At that point, a resounding ‘whomp, whomp’ was heard around the world.
Our reviews were good, we got a decent number of downloads globally, and everyone praised the art and commented on how unique and beautiful it was. We were even named an official honoree of the Webby Awards in the category: Independent Creator.
But in terms of money, I think Enter the Reveries made about $80.
Still unwilling to give in, we went after a large investment for marketing. We also set up a meeting with a mentor in the industry. We felt like all we needed was one big break, and the floodgates would open.
The floodgates did indeed open, and failure rushed in.
First we met with the mentor, who agreed that the game was beautiful, and had some interesting ideas. He told us that the mobile gaming customer doesn’t want expansive art and intricate storylines. They want to pick up a game, play it for a few minutes on their lunch break, then go back to work.
He told us we should go back to the drawing board. Faced with that idea after 7 years of tireless hard work was very demoralizing for both of us. It was a bigger disappointment than the last season of Game of Thrones.
Then Covid-19 hit, and our big investment fell through. We were faced with a product on the market that wasn’t making much money, and seven years of invested time, money and effort that appeared to be all for nought. Working so hard, for so long took a toll on our friendship too.
During the pandemic, Jason decided to step down from his position as Chief Operating Officer for health reasons including a serious physical health issue that left him unable to walk for 6 months, and mental health issues surrounding our failing company.
So I was left on my own, with nothing but my dream, and a gaming world that seemed to want nothing to do with it.
Everybody has dreams when they are young. Most people never even say them out loud. They imagine that one day they will go after their dreams, and just sit around waiting for that opportunity to arise instead of making it for themselves. Then one day, their dreams die. They don’t realize it at the time, but life becomes ‘good enough’, and they make peace with it. They give up on their dreams forever, never knowing what they could have become.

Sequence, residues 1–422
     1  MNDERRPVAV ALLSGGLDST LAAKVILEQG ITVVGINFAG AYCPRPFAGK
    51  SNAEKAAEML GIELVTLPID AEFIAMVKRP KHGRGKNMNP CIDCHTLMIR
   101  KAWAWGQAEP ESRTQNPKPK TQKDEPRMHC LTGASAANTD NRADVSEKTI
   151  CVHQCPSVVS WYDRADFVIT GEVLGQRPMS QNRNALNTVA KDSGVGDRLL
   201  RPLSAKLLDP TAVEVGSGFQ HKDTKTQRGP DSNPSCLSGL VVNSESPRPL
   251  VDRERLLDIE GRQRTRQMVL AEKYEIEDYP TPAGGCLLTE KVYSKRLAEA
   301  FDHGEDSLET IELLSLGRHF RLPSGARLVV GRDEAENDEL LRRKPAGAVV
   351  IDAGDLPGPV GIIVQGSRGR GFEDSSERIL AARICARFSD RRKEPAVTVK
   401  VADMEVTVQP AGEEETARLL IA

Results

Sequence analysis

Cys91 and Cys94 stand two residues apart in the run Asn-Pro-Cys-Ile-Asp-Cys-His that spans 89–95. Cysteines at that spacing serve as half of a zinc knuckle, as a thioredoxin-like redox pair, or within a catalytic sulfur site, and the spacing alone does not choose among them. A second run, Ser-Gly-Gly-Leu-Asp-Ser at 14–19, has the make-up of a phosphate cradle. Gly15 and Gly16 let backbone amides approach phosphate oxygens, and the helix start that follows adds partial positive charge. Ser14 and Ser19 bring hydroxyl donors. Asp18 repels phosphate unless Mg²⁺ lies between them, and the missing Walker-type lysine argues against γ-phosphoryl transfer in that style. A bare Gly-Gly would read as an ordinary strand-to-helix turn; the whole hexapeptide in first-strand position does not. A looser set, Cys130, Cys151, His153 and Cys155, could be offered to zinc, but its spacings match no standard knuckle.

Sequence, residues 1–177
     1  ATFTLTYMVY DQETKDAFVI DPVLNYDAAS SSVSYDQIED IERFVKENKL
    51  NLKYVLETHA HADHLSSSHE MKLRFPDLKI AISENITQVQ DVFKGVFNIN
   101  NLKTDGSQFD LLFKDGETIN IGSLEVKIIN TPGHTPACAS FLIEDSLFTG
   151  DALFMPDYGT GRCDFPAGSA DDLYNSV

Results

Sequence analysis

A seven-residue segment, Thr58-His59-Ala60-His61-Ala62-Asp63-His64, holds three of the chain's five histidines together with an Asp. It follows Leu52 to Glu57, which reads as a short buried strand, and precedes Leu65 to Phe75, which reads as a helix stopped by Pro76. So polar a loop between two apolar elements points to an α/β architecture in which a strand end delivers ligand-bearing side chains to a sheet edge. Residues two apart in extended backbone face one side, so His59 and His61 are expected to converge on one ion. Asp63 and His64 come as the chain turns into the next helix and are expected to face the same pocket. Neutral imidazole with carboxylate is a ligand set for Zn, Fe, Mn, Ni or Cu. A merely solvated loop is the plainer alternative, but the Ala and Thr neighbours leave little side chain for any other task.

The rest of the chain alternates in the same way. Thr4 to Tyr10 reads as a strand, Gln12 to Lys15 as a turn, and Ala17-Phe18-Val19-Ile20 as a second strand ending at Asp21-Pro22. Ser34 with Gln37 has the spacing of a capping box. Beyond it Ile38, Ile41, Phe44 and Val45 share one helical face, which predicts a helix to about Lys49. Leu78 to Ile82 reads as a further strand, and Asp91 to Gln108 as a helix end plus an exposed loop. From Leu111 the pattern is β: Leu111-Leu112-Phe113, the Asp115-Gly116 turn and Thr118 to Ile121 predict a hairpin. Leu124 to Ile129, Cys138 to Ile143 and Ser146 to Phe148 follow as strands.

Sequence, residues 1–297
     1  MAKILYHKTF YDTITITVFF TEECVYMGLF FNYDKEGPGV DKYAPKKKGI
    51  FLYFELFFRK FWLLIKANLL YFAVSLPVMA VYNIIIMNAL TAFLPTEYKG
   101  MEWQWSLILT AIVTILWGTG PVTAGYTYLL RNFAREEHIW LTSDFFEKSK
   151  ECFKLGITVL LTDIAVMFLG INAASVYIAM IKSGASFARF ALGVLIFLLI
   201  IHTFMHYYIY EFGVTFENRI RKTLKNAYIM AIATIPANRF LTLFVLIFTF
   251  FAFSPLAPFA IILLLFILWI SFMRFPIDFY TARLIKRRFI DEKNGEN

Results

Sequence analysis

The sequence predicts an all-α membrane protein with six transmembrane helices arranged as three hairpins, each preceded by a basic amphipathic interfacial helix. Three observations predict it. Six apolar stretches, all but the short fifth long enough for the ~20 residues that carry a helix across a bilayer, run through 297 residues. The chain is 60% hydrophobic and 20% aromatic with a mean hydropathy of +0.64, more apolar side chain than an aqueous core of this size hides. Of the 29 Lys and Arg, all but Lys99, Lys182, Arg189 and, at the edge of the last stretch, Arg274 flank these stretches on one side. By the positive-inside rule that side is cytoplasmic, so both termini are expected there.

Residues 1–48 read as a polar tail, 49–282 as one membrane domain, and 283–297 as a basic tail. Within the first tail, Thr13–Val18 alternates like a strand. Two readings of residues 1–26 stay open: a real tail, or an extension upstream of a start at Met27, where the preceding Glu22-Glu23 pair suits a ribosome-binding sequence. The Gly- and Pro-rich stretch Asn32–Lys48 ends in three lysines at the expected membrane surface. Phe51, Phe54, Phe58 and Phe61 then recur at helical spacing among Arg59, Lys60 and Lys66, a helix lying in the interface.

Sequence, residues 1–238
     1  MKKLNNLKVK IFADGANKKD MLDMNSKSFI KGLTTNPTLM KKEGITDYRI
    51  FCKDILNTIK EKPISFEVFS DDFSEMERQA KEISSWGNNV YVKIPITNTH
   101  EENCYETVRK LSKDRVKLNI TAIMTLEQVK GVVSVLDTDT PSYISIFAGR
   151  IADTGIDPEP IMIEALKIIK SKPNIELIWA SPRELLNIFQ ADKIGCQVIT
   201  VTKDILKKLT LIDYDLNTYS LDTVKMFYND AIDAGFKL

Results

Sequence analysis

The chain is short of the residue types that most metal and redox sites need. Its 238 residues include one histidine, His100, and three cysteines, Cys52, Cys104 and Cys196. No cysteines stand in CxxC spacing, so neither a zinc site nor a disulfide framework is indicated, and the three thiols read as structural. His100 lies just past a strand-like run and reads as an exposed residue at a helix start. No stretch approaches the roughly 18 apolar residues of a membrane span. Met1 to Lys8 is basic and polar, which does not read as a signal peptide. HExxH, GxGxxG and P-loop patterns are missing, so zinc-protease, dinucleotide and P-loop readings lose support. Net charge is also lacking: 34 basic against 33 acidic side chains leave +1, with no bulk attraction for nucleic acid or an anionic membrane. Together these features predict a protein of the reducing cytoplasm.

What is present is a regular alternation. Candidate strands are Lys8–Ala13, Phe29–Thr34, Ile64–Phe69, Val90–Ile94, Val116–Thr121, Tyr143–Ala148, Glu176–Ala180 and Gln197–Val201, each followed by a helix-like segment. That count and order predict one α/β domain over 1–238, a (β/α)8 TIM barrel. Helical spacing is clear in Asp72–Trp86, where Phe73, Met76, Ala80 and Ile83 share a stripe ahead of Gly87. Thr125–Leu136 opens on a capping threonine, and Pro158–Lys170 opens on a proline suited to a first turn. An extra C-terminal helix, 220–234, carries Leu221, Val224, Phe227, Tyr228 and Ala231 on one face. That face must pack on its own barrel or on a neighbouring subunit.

This is not in my nature.
So I took 2020 to mourn the failure of my game, and deal with the mental darkness that came with being locked up in my apartment like Rapunzel with no hair.
During that year, I realized three things:
I made an artistically beautiful game, but you couldn’t appreciate the art. In Enter the Reveries, you had to jump through the levels dodging enemies, so you couldn’t stay still long enough to even see the art, much less be gagged by the eleganza of it all.
I made a game that wasn’t very fun. I don’t know who decided that games should be fun to play, but I wish they would have texted me so I didn’t waste so much time on the visuals. Game play should have been my #1 priority.
I was going after the wrong demographic. Our mentor told us that mobile gamers want a quick fix, and my mobile game was anything but. My detailed visuals and in-depth story-line were much better suited to the console gaming market.
In January of 2021, I decided to re-imagine Enter the Reveries as a console game. I started learning Unity (the development program we used) and started designing the first stage myself. Luckily, my developer Zyron still believed in the project, so he helped with all the back-end coding, and over the next 9 months we created a demo that I think finally does justice to the story I have been trying to tell.
I named the new project ‘Reverie Saga‘, because this whole process has been nothing, if not a saga.